How to Detect the Symptoms of Post-traumatic Stress Disorder (PTSD)

How to Detect the Symptoms of Post-traumatic Stress Disorder (PTSD)

Experiencing the effects of post-traumatic stress disorder (PTSD) can be painful. If you are experiencing symptoms and are unsure if they are related to PTSD, it can be a confusing process. Some symptoms of PTSD are hard to detect because they can coincide with other mental health disorders.

PTSD is a serious mental health disorder. Knowing the symptoms behind this disorder can help you find the most appropriate treatment plan for you. By identifying the symptoms, you can choose a path that’s right for you to get help.

PTSD develops in a person when they have experienced an event that is shocking or traumatic. It is normal to feel frightened after experiencing a traumatic situation. Those who experience this situation mentally after it’s over can develop PTSD and other mental health conditions.

Symptoms of PTSD

Despite experiencing a traumatic event, it doesn’t necessarily mean you will develop PTSD or chronic PTSD. In fact, there are a few warning signs that can help you identify if you are experiencing this disorder. These signs include:

  • Re-experiencing symptoms
  • Avoidance symptoms
  • Arousal and reactivity symptoms
  • Cognition and mood symptoms

Re-Experiencing Symptoms

Your life could be turned upside down if every day you flashback to the scene where the traumatic event took place. If you experience physical symptoms, like sweating, this is a sign that you are reliving the event mentally. Bad dreams and thoughts that are scary or feel harmful can also be a sign of PTSD.

Avoidance Symptoms

It is never easy experiencing a memory only to experience through places you’ve been to and people you know. When you begin to avoid certain places, events, or objects, this could be a sign you are avoiding being taken back to the past traumatic moment. 

Avoiding thoughts that feel harmful or as though you are being taken back to the event can also indicate PTSD. We can’t always avoid a flashback, so it can be a struggle if you feel like your thoughts center around the event of trauma.

Reactivity and Arousal PTSD Symptoms

If you are experiencing changes in how you handle day-to-day life, this may indicate PTSD. Acting out of anger or getting startled easily could make your symptoms worsen over time. Other reactivity and arousal symptoms include insomnia and feeling tense or on edge.

Cognitive and Mood Symptoms

After a traumatic event takes place, it is likely that cognition and mood symptoms will worsen. This is because the event could make you feel on edge and tired at the same time. Some of the symptoms that can show up months after the trauma took place include:

  • Trouble with the memory of the traumatic event
  • Feeling shame or guilt because you went through something harmful
  • Negative thoughts, including thoughts of suicide
  • Loss of interest in daily activities or things that used to make you happy

PTSD can also bring on depression, anxiety, and other conditions that may worsen if left untreated. Talking to your doctor or mental health professional is the first step when seeking treatment

Treatment for PTSD

If you are looking for a treatment plan that works for you, there are plenty of treatment options that treat PTSD. These programs can also help treat other mental health disorders and conditions you may be experiencing because of PTSD.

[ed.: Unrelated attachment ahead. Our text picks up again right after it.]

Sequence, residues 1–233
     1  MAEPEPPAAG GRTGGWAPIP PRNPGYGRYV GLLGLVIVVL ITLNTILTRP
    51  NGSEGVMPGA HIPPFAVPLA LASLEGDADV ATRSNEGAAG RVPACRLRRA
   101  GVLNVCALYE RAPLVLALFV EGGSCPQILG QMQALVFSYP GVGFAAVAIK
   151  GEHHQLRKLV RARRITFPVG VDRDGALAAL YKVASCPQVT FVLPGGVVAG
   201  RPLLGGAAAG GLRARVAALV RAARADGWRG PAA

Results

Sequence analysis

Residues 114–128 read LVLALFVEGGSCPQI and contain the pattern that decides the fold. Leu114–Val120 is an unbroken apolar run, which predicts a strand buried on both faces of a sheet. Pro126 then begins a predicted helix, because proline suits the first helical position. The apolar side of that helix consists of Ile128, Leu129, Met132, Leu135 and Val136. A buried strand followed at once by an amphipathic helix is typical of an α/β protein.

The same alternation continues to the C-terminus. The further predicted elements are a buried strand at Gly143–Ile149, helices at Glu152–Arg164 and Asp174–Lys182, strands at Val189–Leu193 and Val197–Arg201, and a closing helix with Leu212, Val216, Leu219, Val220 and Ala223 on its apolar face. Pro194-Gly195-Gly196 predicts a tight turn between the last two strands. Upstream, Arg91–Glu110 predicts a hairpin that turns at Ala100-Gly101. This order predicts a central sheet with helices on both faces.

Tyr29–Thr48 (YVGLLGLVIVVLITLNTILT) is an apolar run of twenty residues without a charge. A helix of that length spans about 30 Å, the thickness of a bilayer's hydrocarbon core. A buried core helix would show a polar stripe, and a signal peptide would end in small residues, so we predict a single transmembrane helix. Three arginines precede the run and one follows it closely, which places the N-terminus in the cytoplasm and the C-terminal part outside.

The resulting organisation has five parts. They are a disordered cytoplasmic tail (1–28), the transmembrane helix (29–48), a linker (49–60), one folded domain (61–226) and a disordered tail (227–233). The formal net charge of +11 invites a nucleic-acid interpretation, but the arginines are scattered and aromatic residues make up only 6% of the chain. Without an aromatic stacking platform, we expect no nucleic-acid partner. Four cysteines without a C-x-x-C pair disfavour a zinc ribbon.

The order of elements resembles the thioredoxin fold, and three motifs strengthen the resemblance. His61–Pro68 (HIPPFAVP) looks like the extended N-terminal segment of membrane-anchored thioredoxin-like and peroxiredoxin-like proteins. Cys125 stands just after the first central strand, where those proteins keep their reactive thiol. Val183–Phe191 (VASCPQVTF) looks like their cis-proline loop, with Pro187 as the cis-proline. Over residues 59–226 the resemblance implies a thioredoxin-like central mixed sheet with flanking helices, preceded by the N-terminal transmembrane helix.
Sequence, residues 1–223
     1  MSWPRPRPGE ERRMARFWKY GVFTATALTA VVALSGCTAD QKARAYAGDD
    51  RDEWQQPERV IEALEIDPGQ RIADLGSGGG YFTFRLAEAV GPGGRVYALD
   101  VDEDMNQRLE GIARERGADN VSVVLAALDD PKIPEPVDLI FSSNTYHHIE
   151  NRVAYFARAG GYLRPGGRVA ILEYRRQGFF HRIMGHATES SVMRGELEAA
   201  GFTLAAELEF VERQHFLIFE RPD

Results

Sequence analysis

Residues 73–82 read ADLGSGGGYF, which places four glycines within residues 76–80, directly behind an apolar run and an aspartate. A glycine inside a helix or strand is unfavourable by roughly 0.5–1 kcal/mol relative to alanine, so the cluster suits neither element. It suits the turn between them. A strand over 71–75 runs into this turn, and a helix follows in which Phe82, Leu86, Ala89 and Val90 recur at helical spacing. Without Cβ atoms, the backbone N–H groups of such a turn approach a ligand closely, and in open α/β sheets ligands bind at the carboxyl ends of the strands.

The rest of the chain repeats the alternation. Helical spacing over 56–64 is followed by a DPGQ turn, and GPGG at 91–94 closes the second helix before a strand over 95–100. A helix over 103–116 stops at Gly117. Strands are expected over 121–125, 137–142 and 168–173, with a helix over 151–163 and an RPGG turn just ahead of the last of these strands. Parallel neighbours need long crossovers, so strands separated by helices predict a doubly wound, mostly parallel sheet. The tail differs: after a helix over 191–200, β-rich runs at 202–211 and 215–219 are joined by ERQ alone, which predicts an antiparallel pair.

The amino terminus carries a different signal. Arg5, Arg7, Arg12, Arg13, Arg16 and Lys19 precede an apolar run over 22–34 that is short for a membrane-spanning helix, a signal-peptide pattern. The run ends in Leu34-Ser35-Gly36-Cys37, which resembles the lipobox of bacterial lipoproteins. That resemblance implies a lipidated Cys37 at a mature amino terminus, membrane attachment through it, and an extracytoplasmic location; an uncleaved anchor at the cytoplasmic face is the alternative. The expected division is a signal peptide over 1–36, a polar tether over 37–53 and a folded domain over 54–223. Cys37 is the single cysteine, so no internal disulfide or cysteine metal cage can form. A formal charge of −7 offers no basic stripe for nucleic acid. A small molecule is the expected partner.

Cognitive-Behavioral Therapy

Experiencing PTSD isn’t easy, but cognitive-behavioral therapy (CBT) therapy could work for you. Outpatient programs work well with this kind of treatment because it requires you to challenge faulty thinking. This kind of therapy dives deep into thoughts that are no longer serving you. It also helps you recognize thoughts so you can understand how they impact your actions.

Dialectical Behavior Therapy

In dialectical behavior therapy (DBT), you will learn a skill set that will help you gain more perspective on your situation. Four basic skill sets are taught through this therapy, which include:

  1. Emotional regulation
  2. Distress tolerance
  3. Interpersonal effectiveness
  4. Mindfulness

Trauma-Focused Therapy for PTSD

DBT therapy can help those experiencing PTSD because it can bring them back to the present moment through mindfulness. It can also help you if you are experiencing other mental health conditions along with PTSD, such as schizophrenia and depression.

Programs that offer trauma-based therapy also treat PTSD because they focus on you and the trauma itself. Typical trauma-based therapy includes CBT and DBT therapy. Both can be offered as outpatient options if you are interested in programs with this option.

This isn’t an easy experience to go through. But you are not alone in this battle. It is important to recognize the first signs and symptoms of PTSD before being treated. If you feel you have any of the above symptoms mentioned, reaching out to a medical professional is the first step in getting the help you deserve.

Never be ashamed to take the first step in getting the care you need. Trauma is not easy to experience, and by getting treated, you can help provide yourself with a better future. Alter Wellness Care offers various outpatient programs that help ease even the worst symptoms of PTSD and other mental health conditions. Our programs include CBT, DBT, psycho-educational groups, and other forms of therapy that can provide you with the help you need. We encourage you to live a better life. Please reach out to us at (866) 311-3510, and our trained mental health professionals will provide you with more information on our programs. We look forward to helping you reach your highest potential!

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